Another utility in the state, Consumers Energy, estimated that power would be restored in most areas by Sunday, but possibly as late as noon on Monday for some locations. About 36,000 of the company’s customers are without power throughout southern Michigan, including in Kalamazoo.
For some riding out the winter storm, this is the second power outage in six months. Severe thunderstorms in August led to blackouts across the state. Ms. Capling said she was without power for three days last summer. Both times, she lost all of her food.
“A lot of people can’t afford that,” she said. “Especially with the rising cost of groceries right now, it’s extremely frustrating and upsetting.”
Ben Saltsman, who lives in Bloomfield Township, and was without power for two days, said that he has a kind of routine now because of the frequency of blackouts. First, he empties his ice machine; he’s learned from experience that it creates a huge mess. Then, he clears his refrigerator and takes the food to friends who do have power.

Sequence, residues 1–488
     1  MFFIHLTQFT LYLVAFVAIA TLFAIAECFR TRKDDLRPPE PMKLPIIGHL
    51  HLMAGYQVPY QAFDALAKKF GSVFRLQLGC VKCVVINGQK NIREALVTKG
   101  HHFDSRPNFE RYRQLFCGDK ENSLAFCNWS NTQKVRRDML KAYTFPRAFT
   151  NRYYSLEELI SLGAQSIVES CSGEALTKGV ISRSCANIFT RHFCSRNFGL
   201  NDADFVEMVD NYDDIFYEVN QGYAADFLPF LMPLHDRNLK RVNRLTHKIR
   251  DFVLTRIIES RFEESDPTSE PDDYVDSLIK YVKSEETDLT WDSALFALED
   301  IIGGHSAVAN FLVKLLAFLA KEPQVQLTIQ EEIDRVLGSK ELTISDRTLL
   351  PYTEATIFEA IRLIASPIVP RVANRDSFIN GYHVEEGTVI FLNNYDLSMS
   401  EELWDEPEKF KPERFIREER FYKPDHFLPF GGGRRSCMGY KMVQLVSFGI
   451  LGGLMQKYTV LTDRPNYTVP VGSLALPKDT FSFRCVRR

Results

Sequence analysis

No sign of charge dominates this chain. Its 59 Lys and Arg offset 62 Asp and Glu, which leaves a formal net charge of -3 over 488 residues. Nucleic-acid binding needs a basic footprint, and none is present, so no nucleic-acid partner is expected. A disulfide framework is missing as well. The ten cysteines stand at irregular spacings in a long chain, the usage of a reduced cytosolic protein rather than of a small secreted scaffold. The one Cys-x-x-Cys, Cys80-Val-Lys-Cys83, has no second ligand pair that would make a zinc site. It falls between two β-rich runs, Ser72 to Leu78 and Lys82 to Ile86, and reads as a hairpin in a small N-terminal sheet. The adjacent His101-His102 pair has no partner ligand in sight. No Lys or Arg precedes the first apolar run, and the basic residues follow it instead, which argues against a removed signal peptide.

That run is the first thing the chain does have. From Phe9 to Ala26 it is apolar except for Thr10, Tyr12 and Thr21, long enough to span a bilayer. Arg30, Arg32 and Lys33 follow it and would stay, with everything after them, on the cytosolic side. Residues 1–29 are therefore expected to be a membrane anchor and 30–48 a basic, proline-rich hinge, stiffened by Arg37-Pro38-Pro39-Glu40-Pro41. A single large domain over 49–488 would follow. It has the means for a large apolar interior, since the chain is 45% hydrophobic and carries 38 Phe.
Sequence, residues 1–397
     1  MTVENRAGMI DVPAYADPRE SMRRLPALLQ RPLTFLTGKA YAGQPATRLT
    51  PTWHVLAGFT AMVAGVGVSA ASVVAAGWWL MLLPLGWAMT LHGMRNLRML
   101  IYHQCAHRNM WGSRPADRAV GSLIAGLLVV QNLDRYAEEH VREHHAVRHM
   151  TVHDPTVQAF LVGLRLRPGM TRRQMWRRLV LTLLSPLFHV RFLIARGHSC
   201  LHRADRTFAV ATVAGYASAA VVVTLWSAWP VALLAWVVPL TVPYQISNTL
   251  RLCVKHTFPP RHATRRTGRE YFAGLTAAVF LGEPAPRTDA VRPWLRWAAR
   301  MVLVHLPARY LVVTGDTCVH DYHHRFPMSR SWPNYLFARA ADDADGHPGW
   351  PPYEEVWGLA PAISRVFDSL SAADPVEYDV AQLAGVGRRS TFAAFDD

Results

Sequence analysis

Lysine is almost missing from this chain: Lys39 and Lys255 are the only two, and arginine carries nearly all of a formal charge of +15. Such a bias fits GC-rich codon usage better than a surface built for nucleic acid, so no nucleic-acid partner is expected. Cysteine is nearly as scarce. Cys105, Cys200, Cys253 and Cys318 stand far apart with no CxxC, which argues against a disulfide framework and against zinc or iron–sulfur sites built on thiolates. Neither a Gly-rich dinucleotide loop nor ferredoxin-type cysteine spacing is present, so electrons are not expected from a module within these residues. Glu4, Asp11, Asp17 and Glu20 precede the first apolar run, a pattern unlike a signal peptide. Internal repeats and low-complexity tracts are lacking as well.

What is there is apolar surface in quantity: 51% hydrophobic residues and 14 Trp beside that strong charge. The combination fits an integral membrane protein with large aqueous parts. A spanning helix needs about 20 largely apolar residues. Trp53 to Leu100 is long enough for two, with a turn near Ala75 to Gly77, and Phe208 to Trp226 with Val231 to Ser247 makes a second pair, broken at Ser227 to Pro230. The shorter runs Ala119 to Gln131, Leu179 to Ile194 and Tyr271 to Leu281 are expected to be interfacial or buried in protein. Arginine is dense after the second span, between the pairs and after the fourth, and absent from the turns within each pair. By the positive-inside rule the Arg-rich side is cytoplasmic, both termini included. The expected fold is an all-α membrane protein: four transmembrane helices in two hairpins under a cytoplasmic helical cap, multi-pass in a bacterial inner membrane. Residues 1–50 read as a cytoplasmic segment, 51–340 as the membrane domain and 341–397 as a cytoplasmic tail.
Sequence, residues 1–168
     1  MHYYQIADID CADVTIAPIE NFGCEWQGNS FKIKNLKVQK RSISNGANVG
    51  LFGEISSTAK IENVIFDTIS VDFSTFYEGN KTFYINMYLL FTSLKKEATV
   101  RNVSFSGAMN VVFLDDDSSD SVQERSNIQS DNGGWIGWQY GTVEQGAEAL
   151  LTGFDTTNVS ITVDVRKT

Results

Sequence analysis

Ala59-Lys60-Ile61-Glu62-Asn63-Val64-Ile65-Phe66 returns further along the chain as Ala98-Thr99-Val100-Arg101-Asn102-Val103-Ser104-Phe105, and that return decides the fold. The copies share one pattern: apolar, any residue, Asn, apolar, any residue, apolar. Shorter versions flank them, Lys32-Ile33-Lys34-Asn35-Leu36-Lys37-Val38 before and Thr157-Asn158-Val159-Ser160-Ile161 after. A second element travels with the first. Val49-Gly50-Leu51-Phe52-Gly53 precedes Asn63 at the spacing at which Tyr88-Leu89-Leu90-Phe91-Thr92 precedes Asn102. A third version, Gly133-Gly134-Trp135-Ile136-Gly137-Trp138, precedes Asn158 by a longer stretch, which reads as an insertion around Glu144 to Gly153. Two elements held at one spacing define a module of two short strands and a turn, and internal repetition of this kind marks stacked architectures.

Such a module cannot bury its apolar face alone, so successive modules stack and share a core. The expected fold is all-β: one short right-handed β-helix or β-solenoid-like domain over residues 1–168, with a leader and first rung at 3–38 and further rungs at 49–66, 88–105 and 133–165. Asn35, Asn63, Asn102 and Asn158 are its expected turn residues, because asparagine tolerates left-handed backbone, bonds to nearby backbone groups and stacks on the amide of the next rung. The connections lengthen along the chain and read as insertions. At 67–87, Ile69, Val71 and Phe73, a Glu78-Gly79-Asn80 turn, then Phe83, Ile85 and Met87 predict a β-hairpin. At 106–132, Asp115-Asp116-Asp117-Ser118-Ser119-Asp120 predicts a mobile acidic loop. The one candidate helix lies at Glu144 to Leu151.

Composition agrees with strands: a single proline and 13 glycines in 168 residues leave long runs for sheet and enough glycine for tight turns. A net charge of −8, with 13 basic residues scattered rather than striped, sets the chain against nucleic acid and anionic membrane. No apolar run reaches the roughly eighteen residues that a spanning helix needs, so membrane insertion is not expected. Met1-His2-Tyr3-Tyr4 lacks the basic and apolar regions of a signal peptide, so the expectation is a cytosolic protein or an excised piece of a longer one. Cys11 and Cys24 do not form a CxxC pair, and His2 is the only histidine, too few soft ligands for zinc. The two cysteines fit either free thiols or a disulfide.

“We hope they don’t eat the good stuff,” he said.
Ms. Capling said she, her husband and four of her children, ranging from 1 to 18, have temporarily moved in with her father-in-law in Pinckney. Her husband can work from home, but she has had to commute to work an hour out of her way. Her children have also missed three days of school.
“My 3½-year-old is just asking when we can go home,” Ms. Capling said.
The American Red Cross has also opened four warming centers across southern Michigan, providing cots, warm meals and water. At one point, Ann Arbor, 40 percent of which is out of power, had four warming centers open, but it was down to one by Saturday evening, city officials said.
When Kathy Space woke up early on Thursday in her home in Portage and tried to flip on the lights, she immediately knew that she was in trouble.